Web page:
Almost all ATM keypads are inlaid on the device. This means that the keypad is flush, or even slightly recessed on the ATM. So, take a close look at the keypad – is it raised above the rest of the panel? Can you see corners or edges on the keypad? Can you move it with a simple tug or wiggle? If any of these things are present, that ATM may have a keypad overlay in place, reading your PIN as you type it in.
You should always test the keypad, even if you are absolutely sure there is no skimmer installed on the device. Why, you ask? ATM shimmers, which are physically placed INSIDE the actual card reader slot, are almost impossible for average users to detect. So, the ATM may have a shimmer installed, as opposed to the skimmer I discussed above.
So, ALWAYS check the keypad for evidence of tampering!
- Look for the presence of a video camera
Some attackers will forego use of a keypad overlay, instead choosing to use a small video camera. These cameras will be placed on the outside of the ATM, positioned so that your PIN can be recorded as you type it in. ATMs will have built-in cameras, which are pointed to record the face of anyone using the device. Attacker-placed cameras will typically be external to the device, and will be attached using some type of adhesive. These cameras may be small, so users must take care to pay close attention here.
What to do if you have been skimmed or shimmed
Despite your best efforts, you may still end up being “right of bang”, the victim of an ATM skimming/shimming attack. What do you do now?
Do not panic!
Yes, being “trapped” in a foreign country without electronic access to cash can be a scary thing. But, working yourself up into a panic will only make things worse. Take a breath, slow down, and know that you will be ok.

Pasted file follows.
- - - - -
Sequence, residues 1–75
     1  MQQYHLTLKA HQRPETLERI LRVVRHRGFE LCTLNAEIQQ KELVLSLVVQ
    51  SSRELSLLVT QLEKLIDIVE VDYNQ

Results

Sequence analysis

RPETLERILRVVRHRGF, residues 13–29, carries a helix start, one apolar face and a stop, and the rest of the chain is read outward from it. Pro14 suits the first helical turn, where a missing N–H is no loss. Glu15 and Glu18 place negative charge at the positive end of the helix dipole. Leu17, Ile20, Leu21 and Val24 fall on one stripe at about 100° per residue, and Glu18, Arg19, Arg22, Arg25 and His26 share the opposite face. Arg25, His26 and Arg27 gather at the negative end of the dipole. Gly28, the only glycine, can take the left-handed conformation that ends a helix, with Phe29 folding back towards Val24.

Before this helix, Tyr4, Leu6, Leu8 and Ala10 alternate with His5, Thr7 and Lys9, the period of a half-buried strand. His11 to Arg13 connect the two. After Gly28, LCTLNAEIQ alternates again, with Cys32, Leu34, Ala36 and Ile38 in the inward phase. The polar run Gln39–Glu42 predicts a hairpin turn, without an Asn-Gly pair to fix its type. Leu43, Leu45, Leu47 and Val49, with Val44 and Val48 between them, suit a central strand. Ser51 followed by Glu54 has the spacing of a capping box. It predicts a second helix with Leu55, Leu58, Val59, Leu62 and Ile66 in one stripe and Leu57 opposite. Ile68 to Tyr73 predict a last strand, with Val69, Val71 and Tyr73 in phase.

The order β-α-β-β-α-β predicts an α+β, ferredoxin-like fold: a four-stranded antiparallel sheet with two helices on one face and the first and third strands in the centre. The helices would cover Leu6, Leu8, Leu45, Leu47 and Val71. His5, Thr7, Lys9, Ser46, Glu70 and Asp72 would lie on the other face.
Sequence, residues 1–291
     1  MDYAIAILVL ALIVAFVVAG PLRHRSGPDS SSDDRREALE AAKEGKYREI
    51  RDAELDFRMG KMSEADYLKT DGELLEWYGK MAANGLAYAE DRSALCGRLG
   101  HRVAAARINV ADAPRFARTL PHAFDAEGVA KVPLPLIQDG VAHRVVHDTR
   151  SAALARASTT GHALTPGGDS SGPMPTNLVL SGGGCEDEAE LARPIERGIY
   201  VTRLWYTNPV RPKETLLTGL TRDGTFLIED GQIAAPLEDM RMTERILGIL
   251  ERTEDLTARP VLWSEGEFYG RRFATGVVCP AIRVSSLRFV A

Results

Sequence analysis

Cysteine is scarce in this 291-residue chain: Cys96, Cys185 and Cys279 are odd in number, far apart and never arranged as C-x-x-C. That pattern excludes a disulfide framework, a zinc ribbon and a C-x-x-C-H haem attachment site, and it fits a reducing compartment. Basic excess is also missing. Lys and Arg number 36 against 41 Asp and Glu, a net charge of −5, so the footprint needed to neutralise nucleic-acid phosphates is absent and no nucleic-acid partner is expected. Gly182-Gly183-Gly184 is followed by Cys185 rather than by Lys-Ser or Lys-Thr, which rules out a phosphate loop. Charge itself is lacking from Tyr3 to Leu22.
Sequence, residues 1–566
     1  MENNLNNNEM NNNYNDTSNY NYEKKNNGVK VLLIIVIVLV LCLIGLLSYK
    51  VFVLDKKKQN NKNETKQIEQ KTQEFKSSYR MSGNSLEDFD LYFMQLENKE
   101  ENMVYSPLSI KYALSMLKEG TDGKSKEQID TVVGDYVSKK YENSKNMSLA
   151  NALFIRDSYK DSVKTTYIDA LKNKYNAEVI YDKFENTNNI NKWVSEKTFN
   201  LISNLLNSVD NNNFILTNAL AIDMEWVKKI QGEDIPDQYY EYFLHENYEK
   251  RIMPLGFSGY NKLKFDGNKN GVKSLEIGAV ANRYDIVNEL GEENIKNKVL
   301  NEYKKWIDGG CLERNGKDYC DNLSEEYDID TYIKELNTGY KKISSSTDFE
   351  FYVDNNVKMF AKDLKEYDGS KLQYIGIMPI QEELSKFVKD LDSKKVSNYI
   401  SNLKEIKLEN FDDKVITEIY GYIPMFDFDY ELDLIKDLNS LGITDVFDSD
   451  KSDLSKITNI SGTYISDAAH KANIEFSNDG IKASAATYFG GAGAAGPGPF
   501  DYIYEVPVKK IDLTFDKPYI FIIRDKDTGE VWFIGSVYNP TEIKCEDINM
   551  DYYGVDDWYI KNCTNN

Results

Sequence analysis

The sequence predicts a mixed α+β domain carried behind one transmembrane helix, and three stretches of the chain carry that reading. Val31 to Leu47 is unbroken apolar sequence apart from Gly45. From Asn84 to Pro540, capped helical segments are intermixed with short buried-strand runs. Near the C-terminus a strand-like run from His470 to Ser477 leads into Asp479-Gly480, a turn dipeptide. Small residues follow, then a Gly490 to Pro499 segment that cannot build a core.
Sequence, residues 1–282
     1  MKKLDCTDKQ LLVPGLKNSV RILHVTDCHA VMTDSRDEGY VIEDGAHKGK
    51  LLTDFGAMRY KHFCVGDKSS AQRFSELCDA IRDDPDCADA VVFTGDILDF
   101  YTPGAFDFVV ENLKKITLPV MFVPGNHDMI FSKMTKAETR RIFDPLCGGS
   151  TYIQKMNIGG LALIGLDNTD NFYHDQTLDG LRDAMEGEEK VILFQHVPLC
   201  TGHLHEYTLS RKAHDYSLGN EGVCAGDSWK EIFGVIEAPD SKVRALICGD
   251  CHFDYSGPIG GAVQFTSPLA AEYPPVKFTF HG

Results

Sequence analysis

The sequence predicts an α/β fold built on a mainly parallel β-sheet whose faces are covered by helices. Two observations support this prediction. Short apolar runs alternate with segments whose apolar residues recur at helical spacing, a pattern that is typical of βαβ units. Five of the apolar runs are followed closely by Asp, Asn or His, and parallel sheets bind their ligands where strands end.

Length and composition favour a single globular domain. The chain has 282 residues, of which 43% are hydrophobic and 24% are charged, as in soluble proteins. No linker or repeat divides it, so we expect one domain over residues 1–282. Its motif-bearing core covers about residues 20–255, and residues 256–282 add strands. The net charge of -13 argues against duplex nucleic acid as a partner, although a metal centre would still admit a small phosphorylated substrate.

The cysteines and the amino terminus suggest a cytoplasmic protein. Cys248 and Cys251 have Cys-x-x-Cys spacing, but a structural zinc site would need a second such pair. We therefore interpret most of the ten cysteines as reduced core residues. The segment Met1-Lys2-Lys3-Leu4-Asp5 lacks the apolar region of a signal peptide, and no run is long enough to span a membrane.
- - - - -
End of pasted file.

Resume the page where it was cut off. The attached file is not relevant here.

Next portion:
Contact your bank
As soon as you become aware of the money leaving your account, contact your bank immediately so they can be made aware of the attack, as well as start their process to get your money replaced. Most major banks have international toll-free numbers for customers to use, printed on the back of the ATM/debit card.
Contact your onsite study abroad coordinator
If you have an onsite study abroad coordinator, inform them immediately. In some instances, they may have contingency funds available to give you, if needed. Also, they will be a source of support for you while working through the process of notification and recovery.
Contact your parents
Yes, I know this probably is the last thing you want to do. Hopefully they will understand that you were the victim of a crime and won’t be too mad. And, if they don’t think about it – feel free to remind them that you were, in fact, the victim of a crime.
Study abroad programs can be educational, fun, and life-enriching. Go study, learn, eat, and experience all the things! Taking a few seconds to protect yourself at ATMs will go a long way towards ensuring that your trip stays positive and enjoyable!